Silicone fluid can result in a spongy pedal even when not contaminated, and it can promote brake system moisture damage. The best reason to use silicone brake fluid relates to its non-aggressive nature with regard to painted surfaces. Since silicone brake fluid won't damage paint (glycol can stain or even remove paint quickly), many street rodders and owners of vintage cars tend to use silicone simply to avoid any paint damage that might result from drips, splashes or leaks.

Never install silicone brake fluid in any vehicle that is equipped with anti-lock brakes. During severe or panic braking, the ABS actuator applies and releases hydraulic pressure in quick succession, which will cause silicone fluid to aerate (foam), resulting in temporary low or no pedal pressure.


Chassis reinforcement

Whenever a vehicle rolls down the road, and especially when the vehicle encounters uneven road surfaces and turns, the frame will flex. This applies to full-framed vehicles as well as those with unibody construction.

This flexing, regardless of the severity, degrades handling because a portion of the lateral energy that should be directed to the wheels and tires is wasted via frame flex. In order to maximize handling and braking performance, the frame may be "stiffened" with the addition of reinforcements.

For example, the front strut towers on a strut-equipped unibody vehicle can be tied together with the addition of a strut bar. This prevents the strut towers from flexing inboard or outboard. A strut bar can be even more efficient if the bar is also connected to the firewall/cowl area, which creates a triangulated bracing effect.

These bars are available for all popular applications and usually require a minimum of labor for installation.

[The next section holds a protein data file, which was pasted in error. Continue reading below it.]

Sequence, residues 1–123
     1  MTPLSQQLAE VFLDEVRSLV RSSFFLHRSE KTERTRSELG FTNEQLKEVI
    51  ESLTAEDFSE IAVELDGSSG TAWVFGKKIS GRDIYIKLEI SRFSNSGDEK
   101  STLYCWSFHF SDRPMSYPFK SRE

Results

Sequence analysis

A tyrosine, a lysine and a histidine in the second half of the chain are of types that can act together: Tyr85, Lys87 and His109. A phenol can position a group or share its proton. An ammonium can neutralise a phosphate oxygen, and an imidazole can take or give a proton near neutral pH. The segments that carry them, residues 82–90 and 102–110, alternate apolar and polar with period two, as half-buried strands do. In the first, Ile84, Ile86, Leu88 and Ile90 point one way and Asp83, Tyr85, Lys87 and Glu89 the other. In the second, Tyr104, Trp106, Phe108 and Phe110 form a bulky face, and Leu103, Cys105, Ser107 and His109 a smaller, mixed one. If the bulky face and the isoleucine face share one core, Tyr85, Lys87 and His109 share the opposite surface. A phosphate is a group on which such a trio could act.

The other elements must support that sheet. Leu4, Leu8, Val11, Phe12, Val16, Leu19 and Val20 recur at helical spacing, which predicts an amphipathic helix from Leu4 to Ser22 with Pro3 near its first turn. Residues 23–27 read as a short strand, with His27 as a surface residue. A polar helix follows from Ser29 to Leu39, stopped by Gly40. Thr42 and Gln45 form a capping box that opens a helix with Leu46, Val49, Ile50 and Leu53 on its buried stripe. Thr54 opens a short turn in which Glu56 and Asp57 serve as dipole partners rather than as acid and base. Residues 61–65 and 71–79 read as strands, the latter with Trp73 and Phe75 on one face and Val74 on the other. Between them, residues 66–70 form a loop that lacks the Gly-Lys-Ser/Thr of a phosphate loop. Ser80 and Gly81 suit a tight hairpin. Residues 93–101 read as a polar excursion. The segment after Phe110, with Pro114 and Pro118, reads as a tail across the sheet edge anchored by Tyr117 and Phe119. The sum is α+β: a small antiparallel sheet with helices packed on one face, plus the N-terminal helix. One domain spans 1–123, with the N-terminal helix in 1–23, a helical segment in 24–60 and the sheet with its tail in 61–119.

In certain applications, subframe connectors may be added, which simply extends and braces the vehicle's existing subframe to reduce flex during maneuvering, braking and hard acceleration. This can involve either bolting on or welding on braces, depending on the vehicle and the design of the aftermarket braces.

A word to the wise

When it comes to "stiffening" the chassis for better handling, use caution.

While reducing compliance is a good thing in terms of performance, street vehicles can be turned into rock-hard beats that eventually shake themselves to death if you go too far in terms of reducing or eliminating compliance.

Street vehicles still need a measure of insulation/buffering to reduce the effects of road shock. Work with your customer to make sure he chooses the replacement parts wisely. Tell him over-stiffening a street vehicle can get downright nasty in terms of ride comfort and long-term frame or unibody life.

About the Author

Mike Mavrigian

Longtime automotive industry journalist and Modern Tire Dealer contributor Mike Mavrigian also is the editor of MTD’s sister publication, Auto Service Professional. Mavrigian received a bachelors degree from Youngstown State University in English literature with a minor in journalism in 1975.